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Can someone identify this tree that I have growing at my home from these leaves and this "fruit"? The ground is covered with the green, plum like orbs but they are rock hard. The tree itself is at least 30 feet tall and recently was damaged by a falling branch during a storm.

We live in the state of Virginia in the USA. We live in the middle of five acres of all kinds of trees so getting the age of the tree will be hard but we have lived here for forty years so at least that old.

It is currently summer here, temps in the 80s & 90s. The storm dislodged the "fruit" and in the winter we find hard, dark brown nuts of some type beneath these trees. I'll try to get a photo of the whole tree tomorrow.

  • 1
    Welcome to the site Onepaw! Would you please add a picture of the whole tree? Also, a few more details. Where do you live? What's your season right now? How old is the tree? Have you seen it fruit before? Have these fallen off sooner than usual, perhaps in the storm? It sounds like they're not ripe yet. Especially with identification questions, the more we know, the easier it is to help. You can just press this edit and add the information into the question. We look forward to helping you! Jul 20, 2016 at 1:03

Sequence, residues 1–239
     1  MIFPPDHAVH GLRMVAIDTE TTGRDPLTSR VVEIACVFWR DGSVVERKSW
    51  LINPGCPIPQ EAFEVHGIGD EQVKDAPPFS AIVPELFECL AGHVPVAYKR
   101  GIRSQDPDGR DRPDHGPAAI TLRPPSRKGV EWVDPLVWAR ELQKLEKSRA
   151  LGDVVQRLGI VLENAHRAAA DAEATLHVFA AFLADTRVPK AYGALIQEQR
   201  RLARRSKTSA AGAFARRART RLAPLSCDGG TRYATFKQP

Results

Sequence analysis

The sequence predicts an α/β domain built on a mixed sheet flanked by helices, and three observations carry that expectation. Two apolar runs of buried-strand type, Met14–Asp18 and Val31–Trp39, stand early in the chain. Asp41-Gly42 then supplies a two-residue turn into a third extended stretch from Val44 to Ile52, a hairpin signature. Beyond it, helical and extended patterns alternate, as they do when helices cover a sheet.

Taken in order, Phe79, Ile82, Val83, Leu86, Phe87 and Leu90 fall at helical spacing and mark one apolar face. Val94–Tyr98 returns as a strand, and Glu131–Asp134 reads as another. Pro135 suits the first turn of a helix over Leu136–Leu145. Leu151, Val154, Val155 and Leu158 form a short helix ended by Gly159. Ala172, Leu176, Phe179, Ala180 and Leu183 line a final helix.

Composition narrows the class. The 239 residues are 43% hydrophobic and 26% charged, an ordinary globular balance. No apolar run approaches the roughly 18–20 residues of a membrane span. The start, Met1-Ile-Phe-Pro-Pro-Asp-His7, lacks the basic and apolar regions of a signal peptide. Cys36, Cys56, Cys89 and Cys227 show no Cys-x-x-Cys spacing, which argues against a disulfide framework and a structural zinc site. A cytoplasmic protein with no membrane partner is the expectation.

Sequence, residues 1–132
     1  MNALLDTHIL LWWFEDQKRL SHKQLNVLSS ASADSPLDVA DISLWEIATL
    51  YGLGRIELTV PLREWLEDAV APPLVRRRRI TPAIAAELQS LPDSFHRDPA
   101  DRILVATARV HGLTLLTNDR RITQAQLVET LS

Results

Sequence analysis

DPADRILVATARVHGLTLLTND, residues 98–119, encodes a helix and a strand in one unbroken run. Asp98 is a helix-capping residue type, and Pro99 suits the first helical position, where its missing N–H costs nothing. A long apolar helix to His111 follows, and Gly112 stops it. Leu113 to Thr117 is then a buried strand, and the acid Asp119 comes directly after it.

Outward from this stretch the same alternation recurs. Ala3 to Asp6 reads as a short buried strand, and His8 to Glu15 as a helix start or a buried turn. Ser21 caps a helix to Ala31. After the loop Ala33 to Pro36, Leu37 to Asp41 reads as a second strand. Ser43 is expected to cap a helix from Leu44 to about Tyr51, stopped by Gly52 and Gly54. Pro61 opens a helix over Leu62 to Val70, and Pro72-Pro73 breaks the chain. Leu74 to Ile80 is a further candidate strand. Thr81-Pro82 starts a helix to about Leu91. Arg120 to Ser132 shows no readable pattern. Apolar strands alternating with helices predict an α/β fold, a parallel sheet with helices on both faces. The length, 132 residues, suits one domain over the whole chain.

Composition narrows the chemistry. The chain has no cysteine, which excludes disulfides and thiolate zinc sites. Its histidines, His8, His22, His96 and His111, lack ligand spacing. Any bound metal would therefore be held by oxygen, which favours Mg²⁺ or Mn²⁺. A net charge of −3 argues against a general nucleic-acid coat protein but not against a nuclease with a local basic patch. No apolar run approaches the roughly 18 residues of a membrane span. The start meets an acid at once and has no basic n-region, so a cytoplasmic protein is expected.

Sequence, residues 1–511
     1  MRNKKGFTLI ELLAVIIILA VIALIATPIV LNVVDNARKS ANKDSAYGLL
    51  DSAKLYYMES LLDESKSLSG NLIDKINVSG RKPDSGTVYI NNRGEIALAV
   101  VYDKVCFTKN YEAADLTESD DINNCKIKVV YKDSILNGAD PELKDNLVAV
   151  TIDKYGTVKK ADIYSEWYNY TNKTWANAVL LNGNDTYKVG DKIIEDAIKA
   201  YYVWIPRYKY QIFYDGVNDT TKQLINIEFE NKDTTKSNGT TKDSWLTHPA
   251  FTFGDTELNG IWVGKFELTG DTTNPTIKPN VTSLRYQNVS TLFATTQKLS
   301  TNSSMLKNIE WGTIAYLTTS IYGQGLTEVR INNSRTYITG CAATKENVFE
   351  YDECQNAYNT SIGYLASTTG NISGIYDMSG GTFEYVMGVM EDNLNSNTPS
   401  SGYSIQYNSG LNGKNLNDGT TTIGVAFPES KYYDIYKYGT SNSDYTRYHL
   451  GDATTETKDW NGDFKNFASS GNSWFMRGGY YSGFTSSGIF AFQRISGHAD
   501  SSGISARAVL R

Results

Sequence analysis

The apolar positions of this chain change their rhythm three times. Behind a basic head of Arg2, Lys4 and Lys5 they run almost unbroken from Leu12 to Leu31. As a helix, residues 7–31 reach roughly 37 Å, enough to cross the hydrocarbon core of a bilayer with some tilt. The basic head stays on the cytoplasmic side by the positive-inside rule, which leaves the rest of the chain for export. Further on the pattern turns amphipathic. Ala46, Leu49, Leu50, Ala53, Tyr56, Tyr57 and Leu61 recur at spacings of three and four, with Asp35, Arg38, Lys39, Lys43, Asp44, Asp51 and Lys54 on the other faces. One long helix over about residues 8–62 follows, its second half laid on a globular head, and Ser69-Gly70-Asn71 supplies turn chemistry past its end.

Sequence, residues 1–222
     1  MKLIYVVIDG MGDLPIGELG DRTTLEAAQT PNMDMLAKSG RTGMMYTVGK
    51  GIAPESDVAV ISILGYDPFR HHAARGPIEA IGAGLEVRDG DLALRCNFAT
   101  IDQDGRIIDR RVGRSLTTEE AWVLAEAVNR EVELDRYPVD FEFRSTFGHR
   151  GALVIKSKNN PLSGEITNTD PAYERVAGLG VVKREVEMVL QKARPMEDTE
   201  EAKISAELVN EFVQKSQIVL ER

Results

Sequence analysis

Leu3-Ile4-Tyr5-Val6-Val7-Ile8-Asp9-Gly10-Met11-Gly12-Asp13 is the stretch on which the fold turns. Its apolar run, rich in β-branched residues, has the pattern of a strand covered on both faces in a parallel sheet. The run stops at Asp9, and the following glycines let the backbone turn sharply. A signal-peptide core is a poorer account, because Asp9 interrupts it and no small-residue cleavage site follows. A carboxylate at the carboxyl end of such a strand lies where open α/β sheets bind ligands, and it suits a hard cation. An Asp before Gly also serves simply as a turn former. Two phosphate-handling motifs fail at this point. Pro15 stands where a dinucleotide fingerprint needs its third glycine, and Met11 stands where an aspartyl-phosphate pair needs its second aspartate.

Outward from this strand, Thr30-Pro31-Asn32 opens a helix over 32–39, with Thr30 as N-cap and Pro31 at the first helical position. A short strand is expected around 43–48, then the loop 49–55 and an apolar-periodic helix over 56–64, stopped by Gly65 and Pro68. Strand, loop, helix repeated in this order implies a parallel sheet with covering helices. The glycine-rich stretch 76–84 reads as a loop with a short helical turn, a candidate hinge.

• Looks a little like Quince (Cydonia oblonga)? But the serrated leaves and height don't sound right.
    – Viv
    Jul 20, 2016 at 7:03
  • It could be Celtis australis if you are in southern part or Europe Jul 20, 2016 at 8:40
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    What we really need for ID is to know whether the leaves are composite, opposite, as well as what the bark looks like, so an image of a branch with leaves at the very least is essential. It's age is relatively unimportant, but your USDA zone might be useful to know.
    – Bamboo
    Oct 7, 2016 at 12:10
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    Because we need more information in order to make a definite identification, I'm voting to close this as "unclear what you're asking." Onepaw, we haven't seen you in a while, but if you come back, feel free to add the pictures and anything else you can think of, then ask for it to be opened back up! I'm sure lots of people would like to know what this is! Dec 19, 2016 at 20:34

1 Answer 1


I think it is Celtis tenuifolia, but to be really sure we need more photos (and possibly the flowers).

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